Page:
Technology proves to be a contributing factor to incorporating telecommuting in hiring practices. Migration of applications to the cloud, for instance, makes it easier for contractors and employees to telecommute. New software on the market also allows employers to keep track of performance measures from remote locations. One industry in particular – call center agents and customer service representatives – requires more adjustments for staffing agencies.

Generally, staffing agencies cannot ignore a large percentage of the labor market that can affect their profitability margins. They must find creative ways to screen potential candidates and use onboarding tools for remote workers. In some situations, they may need to expand services to offer a stipend, assistance with virtual office functionalities and communication tools. Doing so will help to improve the efficiency of remote workers.

Professional contractors, on the other hand, will usually have their own tools such as laptops and smart phones. Employers can provide web-based programs and applications along with privacy policies. Staffing agencies can act as intermediaries to make sure both sides are legally compliant.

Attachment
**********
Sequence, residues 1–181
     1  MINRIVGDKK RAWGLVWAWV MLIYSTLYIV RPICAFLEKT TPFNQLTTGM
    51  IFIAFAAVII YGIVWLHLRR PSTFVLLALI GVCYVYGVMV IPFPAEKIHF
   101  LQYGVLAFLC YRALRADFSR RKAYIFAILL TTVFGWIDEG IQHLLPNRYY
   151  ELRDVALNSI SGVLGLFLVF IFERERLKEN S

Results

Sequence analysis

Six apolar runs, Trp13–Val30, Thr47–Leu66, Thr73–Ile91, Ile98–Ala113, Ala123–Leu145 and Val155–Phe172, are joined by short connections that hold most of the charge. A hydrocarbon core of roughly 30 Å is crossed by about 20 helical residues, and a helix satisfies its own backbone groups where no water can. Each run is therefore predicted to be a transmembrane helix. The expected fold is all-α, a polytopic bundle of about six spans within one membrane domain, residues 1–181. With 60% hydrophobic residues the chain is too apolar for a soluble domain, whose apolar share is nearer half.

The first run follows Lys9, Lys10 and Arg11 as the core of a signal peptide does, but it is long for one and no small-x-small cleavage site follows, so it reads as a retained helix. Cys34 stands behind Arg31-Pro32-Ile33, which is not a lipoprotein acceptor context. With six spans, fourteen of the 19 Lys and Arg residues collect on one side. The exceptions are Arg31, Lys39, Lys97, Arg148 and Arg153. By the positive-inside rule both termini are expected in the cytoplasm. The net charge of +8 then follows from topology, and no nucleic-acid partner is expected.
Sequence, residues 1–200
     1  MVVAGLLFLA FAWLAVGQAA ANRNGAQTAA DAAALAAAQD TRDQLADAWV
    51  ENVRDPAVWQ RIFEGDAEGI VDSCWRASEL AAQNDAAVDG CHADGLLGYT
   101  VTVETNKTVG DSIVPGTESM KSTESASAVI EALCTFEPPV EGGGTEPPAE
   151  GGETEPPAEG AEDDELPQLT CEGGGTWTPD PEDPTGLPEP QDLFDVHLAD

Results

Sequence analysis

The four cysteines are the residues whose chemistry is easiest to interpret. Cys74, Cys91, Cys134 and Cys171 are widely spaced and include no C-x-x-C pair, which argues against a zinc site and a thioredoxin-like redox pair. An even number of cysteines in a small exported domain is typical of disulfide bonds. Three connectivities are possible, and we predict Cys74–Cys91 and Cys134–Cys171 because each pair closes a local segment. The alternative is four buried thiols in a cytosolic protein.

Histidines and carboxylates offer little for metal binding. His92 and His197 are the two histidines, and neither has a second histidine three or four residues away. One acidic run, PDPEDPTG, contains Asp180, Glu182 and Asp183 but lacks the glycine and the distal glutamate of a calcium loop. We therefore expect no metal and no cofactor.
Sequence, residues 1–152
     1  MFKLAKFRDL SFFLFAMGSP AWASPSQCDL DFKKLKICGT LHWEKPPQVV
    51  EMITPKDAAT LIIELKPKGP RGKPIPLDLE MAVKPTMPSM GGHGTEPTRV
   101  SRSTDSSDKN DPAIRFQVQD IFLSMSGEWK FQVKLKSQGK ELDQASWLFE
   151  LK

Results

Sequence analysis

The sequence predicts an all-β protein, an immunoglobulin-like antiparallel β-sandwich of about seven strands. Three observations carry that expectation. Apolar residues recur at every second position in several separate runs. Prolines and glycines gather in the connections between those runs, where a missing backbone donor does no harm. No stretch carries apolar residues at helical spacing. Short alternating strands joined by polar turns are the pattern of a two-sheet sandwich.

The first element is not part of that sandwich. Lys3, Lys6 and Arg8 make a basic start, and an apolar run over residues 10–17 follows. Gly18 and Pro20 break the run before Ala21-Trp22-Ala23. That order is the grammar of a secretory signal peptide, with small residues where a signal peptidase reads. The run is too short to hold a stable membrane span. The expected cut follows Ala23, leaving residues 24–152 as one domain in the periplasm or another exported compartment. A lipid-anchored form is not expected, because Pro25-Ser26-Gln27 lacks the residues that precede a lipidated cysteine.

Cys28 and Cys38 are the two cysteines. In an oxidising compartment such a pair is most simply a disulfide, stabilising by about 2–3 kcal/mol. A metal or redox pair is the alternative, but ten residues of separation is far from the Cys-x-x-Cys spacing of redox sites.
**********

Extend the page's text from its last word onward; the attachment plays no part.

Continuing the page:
These and other structural changes require staffing agencies to rethink the hiring process for employers. Continuing down the same path while employers' needs are shifting within a new economy is a no-win proposition. Failing to change with the times will cause staffing agencies to become irrelevant.

Alternately, these structural changes can signal a new growth stage for the staffing industry. Social media and technology notwithstanding, using staffing agencies for direct hires will be the same as making selections without assistance. As needs continue to evolve, staffing agencies must use foresight to anticipate client needs.